WASHINGTON — If you want a three-row crossover but don’t want to spend big bucks, the AWD Mitsubishi Outlander beats buying used or choosing the base version of a competitor without AWD. This Mitsubishi offers seating for seven and fully loaded its price is just over the $31,000 mark.
The 2018 Outlander sits somewhere between the compact and midsize crossover when it comes to size. It’s a good medium for families that don’t always use the third row but have that occasional need. The first two rows are right-sized for adults with adequate head and legroom while that third row is best suited for children. The leg room for that third row isn’t for taller adults.
The standard leather interior on the top-of-the-line SEL trim level is a pleasant surprise in an AWD crossover with a starting price of around $28,000.
The driver and front passenger have heated seats and power controls. The comfort of the seats is decent, though it could be a bit hard on some people’s backs. The rear seat cushion seems a bit harder than some of the competition.
The materials are higher quality than the last Outlander I drove a few years back and includes some soft touch materials on the dash and the arm rests this time.
A loud 710-watt premium audio system can always be heard thanks to the optional SEL Touring package.
Driving the Outlander is a more hushed affair this time around. There is less wind and road noise and it’s on par or better than others in its class.
Visibility is also good. You can see all around the vehicle easily, plus the around-view camera system helps in parking lots.
Power is where the Outlander SEL falls short. With just 166 hp, it can be a struggle to merge with traffic with five seats filled and some cargo in the back.
The CVT transmission keeps the engine in power, but it does drone when accelerating. Mitsubishi also offers a V6 version that puts out more power.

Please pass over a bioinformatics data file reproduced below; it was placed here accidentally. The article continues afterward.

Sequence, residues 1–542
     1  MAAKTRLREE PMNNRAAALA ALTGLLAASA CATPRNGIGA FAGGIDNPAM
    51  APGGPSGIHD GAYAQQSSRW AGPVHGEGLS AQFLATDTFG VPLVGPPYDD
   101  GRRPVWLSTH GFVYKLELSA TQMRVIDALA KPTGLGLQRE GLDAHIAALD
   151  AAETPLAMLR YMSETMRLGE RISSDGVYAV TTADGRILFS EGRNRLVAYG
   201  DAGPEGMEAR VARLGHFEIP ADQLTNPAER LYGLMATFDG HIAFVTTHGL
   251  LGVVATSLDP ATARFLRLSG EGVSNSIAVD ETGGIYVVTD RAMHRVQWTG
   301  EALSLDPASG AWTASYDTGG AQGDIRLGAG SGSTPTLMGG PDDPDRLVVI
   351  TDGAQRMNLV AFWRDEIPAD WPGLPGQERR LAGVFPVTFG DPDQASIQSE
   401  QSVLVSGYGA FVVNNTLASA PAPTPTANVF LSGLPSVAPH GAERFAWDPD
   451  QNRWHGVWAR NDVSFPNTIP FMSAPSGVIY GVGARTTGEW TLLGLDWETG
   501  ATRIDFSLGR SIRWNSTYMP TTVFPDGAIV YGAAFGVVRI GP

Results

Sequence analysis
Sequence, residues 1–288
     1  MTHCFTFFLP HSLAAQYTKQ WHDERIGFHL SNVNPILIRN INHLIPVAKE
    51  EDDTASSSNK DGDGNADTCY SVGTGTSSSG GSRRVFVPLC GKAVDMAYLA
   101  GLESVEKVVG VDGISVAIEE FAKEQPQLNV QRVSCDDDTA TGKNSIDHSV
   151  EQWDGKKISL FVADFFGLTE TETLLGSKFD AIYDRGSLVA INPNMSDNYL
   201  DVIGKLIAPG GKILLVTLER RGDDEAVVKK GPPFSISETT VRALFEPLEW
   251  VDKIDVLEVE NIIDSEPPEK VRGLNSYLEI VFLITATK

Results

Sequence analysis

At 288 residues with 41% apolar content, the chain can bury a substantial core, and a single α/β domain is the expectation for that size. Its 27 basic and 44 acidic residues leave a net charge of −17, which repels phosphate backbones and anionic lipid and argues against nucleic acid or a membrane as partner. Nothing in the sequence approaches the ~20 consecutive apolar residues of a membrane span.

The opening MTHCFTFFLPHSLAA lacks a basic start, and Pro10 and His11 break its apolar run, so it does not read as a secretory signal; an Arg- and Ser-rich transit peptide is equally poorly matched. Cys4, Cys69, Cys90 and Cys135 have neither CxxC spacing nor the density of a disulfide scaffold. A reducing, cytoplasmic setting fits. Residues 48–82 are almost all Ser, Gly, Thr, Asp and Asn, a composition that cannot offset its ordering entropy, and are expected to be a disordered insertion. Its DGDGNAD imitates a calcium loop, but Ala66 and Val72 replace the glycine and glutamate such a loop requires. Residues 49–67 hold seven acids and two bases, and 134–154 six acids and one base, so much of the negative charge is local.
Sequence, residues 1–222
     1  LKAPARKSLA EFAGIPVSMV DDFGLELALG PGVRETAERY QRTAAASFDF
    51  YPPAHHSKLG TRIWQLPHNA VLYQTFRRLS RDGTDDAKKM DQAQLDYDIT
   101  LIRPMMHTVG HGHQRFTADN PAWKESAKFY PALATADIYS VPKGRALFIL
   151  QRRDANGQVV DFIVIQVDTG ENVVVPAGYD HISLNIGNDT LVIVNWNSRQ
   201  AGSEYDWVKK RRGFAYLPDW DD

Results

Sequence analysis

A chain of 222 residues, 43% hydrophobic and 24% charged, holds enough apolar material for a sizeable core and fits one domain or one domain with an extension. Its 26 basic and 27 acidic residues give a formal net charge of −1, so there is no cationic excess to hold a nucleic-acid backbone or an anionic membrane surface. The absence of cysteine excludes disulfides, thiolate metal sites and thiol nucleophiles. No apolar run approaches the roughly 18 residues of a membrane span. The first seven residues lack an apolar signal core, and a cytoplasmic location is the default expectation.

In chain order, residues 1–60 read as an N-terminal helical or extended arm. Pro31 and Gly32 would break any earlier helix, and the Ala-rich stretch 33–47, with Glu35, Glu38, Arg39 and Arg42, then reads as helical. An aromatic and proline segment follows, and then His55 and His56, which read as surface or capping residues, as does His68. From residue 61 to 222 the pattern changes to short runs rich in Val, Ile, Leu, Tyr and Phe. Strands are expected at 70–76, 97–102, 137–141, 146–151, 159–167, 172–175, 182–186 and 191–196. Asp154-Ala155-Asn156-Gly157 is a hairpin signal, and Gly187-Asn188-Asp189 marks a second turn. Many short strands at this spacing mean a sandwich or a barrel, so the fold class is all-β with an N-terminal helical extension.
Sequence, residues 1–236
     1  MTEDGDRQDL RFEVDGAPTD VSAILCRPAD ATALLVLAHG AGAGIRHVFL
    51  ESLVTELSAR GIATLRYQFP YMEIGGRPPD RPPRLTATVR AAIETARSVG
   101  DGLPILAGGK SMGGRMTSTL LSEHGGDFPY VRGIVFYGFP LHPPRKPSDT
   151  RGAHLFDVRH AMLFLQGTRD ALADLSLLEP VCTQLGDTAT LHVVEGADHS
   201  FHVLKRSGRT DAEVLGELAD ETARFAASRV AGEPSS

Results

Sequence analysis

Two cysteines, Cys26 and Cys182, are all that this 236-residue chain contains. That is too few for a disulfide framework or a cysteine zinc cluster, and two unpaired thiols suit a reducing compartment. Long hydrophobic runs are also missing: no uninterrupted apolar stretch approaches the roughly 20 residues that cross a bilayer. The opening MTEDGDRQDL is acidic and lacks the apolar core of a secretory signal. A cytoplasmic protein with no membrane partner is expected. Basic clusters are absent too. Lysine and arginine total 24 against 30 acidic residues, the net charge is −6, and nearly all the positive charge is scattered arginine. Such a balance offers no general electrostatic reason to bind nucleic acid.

While the SEL isn’t flush with power, there is a big upside with the gas mileage. I managed 28.7 mpg for the week — a bit better than the 26 mpg the sticker touts.
The ride is good on city streets and highways but pushing it on back roads isn’t really its cup of tea. Still, the SEL does fine at a moderate pace.
Where the Outlander truly impresses is with safety items. Getting Forward Collision Mitigation, Lane Departure Warning and Adaptive Cruise for this price is a boon for drivers.
The Mitsubishi Outlander SEL isn’t as aggressively styled as some other crossovers right now, but I found it to be a handsome low-key ride.
Mitsubishi redid the front-end styling making more of statement than before. The LED lighting and new upper chrome grill is wide. There is also a lower grill to match the body color, which looks better than if it was all chrome. There are chrome accent pieces on the beltline, color-keyed door handles and side mirrors, which seem to be the better choice in my opinion.
The SEL trim level adds large 18-inch wheels and rear privacy glass that help complete that crossover look. Silver roof rails play nicely off the Labrador Black paint and add some extra space for cargo storage, too.
Out back the Outlander is bit plain, but there are some chrome trim pieces to spice it up a bit.
The 2018 Mitsubishi Outlander SEL is the most cost-effective way to move into a seven-seat crossover while still getting the features you want.
With a 10 year/100,000-mile powertrain warranty and 5 year/60,000-mile new car warranty, Mitsubishi is selling more vehicles in America lately by offering big bang for your buying dollar.
Mike Parris is a member of the Washington Automotive Press Association. The vehicles are provided by STI, FMI or Event Solutions for the purpose of this review.
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